Turkish opposition criticizes gov't over Shah Firat operation

Opposition describes evacuation of tomb as “abandonment.”

Turkish opposition criticizes gov't over Shah Firat operation


World Bulletin / News Desk

Turkish opposition parties criticized on Tuesday the Turkish military's operation in Syria to relocate a tomb from its only exclave.

The main three opposition parties -- the Peoples' Democracy Party, or HDP, Republican People’s Party, or CHP, and Nationalist Movement Party, or MHP -- slammed the government over the Shah Firat operation, as well as the new security bill, at their parties' respective parliamentary group meetings.

Suleyman Shah was the grandfather of Osman I, the founder of the Ottoman Empire. His tomb, and about 40 Turkish soldiers who guarded the Turkish territory inside war-torn Syria, were relocated Saturday during the Shah Firat military operation. 

Kemal Kilicdaroglu, the main opposition leader and head of the Republican People’s Party, described the operation as a "washout."

"Turkey presented itself as a weak country with the operation," he said.

"For the first time since 1922 Turkey withdrew its troops from Turkish soil," Devlet Bahceli, the leader of Nationalist Movement Party, said. He was referring to the Great Offensive, the largest and final military operation in the war between Turkey and Greece during the Turkish War of Independence, which ended in a decisive victory for Turkey.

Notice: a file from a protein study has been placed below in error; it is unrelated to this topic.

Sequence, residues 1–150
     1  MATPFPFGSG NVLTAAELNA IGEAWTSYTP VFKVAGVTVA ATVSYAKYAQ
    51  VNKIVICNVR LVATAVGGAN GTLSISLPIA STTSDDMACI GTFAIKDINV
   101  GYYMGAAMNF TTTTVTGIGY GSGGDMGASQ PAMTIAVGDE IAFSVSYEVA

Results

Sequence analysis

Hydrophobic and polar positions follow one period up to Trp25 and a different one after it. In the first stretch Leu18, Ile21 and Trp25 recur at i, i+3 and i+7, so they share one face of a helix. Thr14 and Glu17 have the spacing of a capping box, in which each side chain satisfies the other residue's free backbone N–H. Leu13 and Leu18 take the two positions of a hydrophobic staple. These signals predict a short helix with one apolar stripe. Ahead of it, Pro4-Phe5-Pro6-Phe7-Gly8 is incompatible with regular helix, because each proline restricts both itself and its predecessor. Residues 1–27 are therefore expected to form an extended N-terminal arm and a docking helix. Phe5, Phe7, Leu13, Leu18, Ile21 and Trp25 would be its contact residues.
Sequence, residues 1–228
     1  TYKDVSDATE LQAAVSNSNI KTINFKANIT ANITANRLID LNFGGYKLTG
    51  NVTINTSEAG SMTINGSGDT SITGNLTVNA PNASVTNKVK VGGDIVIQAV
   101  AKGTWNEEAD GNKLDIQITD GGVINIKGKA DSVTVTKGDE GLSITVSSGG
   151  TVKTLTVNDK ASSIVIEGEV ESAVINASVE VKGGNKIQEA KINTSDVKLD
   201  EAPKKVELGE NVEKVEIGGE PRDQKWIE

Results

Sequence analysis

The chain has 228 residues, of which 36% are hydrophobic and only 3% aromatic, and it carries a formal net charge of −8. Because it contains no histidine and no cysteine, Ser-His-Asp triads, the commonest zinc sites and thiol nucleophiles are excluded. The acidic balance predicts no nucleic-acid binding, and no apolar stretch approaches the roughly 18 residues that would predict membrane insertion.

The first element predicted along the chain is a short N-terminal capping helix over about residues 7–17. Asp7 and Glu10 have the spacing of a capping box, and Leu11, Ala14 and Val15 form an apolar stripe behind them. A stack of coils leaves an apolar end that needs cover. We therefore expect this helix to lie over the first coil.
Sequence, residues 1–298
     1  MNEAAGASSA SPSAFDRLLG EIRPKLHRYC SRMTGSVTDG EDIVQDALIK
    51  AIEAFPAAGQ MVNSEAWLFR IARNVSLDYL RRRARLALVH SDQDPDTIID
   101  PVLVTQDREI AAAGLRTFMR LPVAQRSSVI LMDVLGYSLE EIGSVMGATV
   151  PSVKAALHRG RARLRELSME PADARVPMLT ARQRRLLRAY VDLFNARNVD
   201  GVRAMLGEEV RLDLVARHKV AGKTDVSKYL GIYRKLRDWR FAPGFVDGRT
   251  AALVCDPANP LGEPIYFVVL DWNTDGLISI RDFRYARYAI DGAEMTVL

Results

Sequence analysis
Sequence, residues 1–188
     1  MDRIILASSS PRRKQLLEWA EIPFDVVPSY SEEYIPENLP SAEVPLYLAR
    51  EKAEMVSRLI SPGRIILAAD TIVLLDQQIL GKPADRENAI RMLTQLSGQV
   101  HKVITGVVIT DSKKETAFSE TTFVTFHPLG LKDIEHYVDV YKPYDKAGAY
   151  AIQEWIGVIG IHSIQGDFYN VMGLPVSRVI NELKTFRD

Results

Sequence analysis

Peoples’ Democratic Party Co-Chair Figen Yuksekdag also criticized the government operation saying "The Suleyman Shah Tomb is in Kobani now. The Turkish flag has been secured by the people of Kobani, Rojova (a Kurdish-populated area in northeast Syria.)"

The two-pronged operation began late Saturday and ended in the early hours of Sunday. It brought the remains of Shah and sacred relics from the original exclave in Karakozak village in Munbic, Syria, some 37 kilometers away from the border, to Turkey.

At the same time, Turkey secured Ashme, another area in Syria close to its border, which has become the Shah’s temporary burial place.

The operation involved nearly 600 troops and 39 tanks.

According to a treaty signed between Turkey and France in 1921, Turkey has the right to guard the tomb and raise a flag over it. 

Security Bill 

The opposition also criticized the new security bill.

Kilicdaroglu and Yusekdag claimed that there were attempts to lynch their party members during the debate in the Turkish parliament.

"We are ready for any kind of attack or oppression. The CHP will not retreat," Kilicdaroglu said.

Bahceli also slammed the controversial security package and claimed the ruling AK Party is not open to any dialogue.

He added, however, that the MHP voted in favor of some articles of the new security package.

The security bill was devised following extensive rioting in Turkey last autumn. Protests in Turkey's southeastern provinces in October 2014 resulted in over 40 deaths that were sparked because of Turkish government not allegedly doing enough to save the Syrian Kurdish town of Kobani from the Islamic State of Iraq and the Levant terrorist group.

The government sees the measures brought by the security bill as compliant with EU norms, while opposition parties reject it outright, saying it would erode freedoms and rights in the country. 

Opposition parties pledged that they would not allow this bill to pass, but they can only delay it until March, when the parliament takes a break ahead of the June 7 general elections.


Güncelleme Tarihi: 24 Şubat 2015, 21:48